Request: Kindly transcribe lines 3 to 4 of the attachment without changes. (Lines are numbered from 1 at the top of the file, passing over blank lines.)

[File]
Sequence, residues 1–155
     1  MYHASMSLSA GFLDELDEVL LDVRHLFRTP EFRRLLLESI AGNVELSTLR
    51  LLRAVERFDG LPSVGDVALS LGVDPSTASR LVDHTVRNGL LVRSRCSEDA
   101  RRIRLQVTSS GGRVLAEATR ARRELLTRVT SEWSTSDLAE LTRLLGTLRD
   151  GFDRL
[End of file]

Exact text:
    51  LLRAVERFDG LPSVGDVALS LGVDPSTASR LVDHTVRNGL LVRSRCSEDA
   101  RRIRLQVTSS GGRVLAEATR ARRELLTRVT SEWSTSDLAE LTRLLGTLRD